Strong response by MSSC physicians impacts legislative bills
by Michael Lievens, MD
I would like to extend my thanks to all the MSSC members who responded to Dr. Kevin Hoppock’s recent call to action and e-mailed state lawmakers about two bills before the Legislature.
MSSC and the Kansas Medical Society try to issue such calls sparingly – preferring to work behind the scenes whenever possible. But there are times when a strong response is needed. This was one of those times.
The two bills of concern were House Bill 2066, which would allow APRNs to practice outside the supervision of physicians and the Kansas Board of Healing Arts, and HB 2146, which would allow non-health care corporations to employ physicians to provide care to employees.
The APRN bill was amended on the House floor last week – lawmakers gutted the bill and replaced it with the contents of HB 2102, which would allow Medicaid expansion in Kansas. That bill was approved and sent to the Senate.
The corporate practice of medicine issue also has been in flux. A new bill, HB 2402, was introduced last week.
The status of bills can change quickly. We’ll keep you informed through MSSC’s Legislative Update emails.
Some of the other bills before the Legislature this session include HB 2082, which would allow pharmacists to administer drug injections that patients could self-administer; HB 2198, which would allow the use of expedited partner therapy to treat sexually transmitted diseases; and HB 2295, which would allow for the licensure of anesthesiology assistants. There also have been several bills related to medical marijuana.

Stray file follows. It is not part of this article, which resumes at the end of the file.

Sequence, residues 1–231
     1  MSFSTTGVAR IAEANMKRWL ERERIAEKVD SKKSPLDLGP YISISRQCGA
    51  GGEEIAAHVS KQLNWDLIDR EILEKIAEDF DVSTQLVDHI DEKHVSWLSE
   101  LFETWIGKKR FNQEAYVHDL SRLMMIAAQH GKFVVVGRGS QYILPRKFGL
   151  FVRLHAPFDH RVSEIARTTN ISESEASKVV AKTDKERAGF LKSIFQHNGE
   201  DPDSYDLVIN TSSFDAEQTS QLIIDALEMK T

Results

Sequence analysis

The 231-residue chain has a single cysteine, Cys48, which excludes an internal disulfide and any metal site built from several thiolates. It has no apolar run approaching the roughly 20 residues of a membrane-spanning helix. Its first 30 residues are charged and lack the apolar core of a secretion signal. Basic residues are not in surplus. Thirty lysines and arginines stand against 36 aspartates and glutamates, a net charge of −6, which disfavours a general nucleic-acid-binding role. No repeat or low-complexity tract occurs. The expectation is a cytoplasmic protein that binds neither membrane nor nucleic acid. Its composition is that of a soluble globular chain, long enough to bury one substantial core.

Evaluating these bills and monitoring their status is a challenging job. We are fortunate to have a talented staff at KMS who know the ins and outs of the legislative process.
I also appreciate the many physicians who are engaged on these issues. MSSC and KMS have committees of physicians who discuss bills and debate strategies. Both committees are headed by Dr. Hoppock, who devotes a great amount of time to understanding the issues and developing relationships with lawmakers.
I’m also grateful for the many lawmakers who care about the concerns of physicians and want to make sure bills don’t harm the practice of medicine or patient care. I particularly want to recognize Rep. John Eplee, a family physician and KMS member from Atchison.
KMS and MSSC do not expect to issue another call to action this session. But if we need to, it’s great to know that so many physicians are ready to respond.